site contents diary essays poems stories
how to write fiction FAQ
e-mail Hugh Cook - details
SF novel WORSHIPPERS / WAY
fantasy novel WITCHLORD / WEAPONMASTER
copyright © 1973-2006
epic poem - definition
define epic poem
An epic poem is simply a long poem. How "long" is "long"? There is no set definition.
How long does a poem have to be to count as an epic poem? That's a bit like asking how "long" a story has to be to qualify as a novel. Tolstoy's War and Peace is definitely a novel. One of Aesop's fables is definitely not. Between these two extremes lie a number of cases which we could argue about. Take Joseph Conrad's "Heart of Darkness," for example. It is generally thought of as a novel, but it is short enough to be characterized as something lesser - a novella, perhaps.
Here is a slightly longer definition:-
An epic poem is a long poem typically dealing with events which are legendary, historical, mythical or a combination. It typically involves a struggle of some description.
A couple of points about the slightly longer definition:-
"Legendary" means "based on fact, although perhaps remotely" whereas "mythical" means "made up out of thin air".
The statement that an epic poem "typically involves a struggle of some description" is true but really adds nothing to the definition, since most literature involves a struggle. This statement has just been thrown in as ballast.
The epic poems which have most influenced English literature are The Iliad and The Odyssey, two poems in Homeric Greek which the ancient world attributed to a poet called Homer, who by tradition is reputed to have been blind.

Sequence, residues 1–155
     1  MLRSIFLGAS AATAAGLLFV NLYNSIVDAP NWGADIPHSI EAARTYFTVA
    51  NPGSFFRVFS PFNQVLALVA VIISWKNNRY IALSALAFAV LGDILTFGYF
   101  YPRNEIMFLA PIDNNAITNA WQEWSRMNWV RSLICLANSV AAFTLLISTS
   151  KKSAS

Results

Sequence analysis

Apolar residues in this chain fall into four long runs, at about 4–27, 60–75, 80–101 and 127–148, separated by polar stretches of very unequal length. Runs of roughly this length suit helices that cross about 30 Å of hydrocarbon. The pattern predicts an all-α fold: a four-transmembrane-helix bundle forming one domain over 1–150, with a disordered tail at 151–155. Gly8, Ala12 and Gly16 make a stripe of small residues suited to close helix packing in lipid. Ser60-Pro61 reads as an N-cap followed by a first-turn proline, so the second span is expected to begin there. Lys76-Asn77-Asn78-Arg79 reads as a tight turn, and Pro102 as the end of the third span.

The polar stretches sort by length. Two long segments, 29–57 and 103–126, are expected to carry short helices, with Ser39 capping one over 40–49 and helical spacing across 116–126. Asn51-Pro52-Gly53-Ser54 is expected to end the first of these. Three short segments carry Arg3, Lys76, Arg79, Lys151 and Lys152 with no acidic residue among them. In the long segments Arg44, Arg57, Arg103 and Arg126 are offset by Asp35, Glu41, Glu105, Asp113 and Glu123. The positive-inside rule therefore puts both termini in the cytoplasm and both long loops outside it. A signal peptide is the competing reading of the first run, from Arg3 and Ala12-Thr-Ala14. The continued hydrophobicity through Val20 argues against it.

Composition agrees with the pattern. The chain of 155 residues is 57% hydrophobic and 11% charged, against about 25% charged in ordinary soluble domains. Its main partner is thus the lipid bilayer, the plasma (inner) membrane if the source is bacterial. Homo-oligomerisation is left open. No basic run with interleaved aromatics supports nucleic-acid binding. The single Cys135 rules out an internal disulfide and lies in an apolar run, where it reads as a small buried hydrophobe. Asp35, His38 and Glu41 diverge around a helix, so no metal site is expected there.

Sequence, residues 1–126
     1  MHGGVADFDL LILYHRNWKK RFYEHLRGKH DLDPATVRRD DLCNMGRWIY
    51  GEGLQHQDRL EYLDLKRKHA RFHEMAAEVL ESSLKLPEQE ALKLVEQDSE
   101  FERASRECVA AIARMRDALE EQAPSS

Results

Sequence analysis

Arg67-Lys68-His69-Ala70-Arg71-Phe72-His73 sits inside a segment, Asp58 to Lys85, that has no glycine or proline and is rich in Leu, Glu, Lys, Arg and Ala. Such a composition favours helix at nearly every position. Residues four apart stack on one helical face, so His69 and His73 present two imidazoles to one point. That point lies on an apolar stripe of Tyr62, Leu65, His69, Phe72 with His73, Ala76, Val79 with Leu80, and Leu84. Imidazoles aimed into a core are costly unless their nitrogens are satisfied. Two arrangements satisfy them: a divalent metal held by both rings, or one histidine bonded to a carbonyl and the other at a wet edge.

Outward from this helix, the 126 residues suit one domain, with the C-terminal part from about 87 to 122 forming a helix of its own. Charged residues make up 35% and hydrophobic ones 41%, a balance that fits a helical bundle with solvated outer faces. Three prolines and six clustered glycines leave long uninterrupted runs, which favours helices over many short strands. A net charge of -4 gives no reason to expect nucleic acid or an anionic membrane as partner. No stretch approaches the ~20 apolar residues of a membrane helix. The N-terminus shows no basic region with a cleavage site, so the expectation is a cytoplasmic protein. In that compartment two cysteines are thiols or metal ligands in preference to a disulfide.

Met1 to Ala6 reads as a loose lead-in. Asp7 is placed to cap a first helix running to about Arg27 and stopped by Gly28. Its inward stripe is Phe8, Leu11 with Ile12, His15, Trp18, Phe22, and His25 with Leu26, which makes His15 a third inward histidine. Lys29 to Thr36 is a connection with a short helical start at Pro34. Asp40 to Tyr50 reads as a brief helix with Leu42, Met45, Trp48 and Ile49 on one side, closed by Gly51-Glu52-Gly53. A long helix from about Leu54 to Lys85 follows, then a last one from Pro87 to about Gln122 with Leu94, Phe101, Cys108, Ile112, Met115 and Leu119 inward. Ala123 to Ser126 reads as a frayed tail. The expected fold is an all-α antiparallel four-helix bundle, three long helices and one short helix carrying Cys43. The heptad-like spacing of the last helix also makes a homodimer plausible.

Scholars have long and fiercely debated the question of whether The Iliad and The Odyssey were in fact composed by Homer, or even whether "Homer" ever existed, which tells us that nobody really knows for certain.
What is generally accepted is that The Iliad and The Odyssey were transmitted orally, and were probably not written down during the lifetime (or lifetimes) of the creator (or creators).
As mentioned above, The Iliad and The Odyssey were written in Homeric Greek, a version of ancient Greek used by Homer, whoever he was (or was not, as the case may be.)
The most significant epic written in English is Paradise Lost by John Milton.
Milton resources on this website:-
1. a simple academic essay, Milton's Satan
2. a speculative diary entry interpreting Milton's Paradise Lost as a poem more about sex than about religion.
3. a science fiction story called Bad Sex which, again, speculates about Milton and sex.
4. there is also some material which relates, peripherally, to Milton and Paradise Lost - this tangential material touches on Homer's Iliad and is in the diary file about the Trojan War. (If you want to know how Homer relates to Milton then the essay Milton's Satan should give you a hint or two.)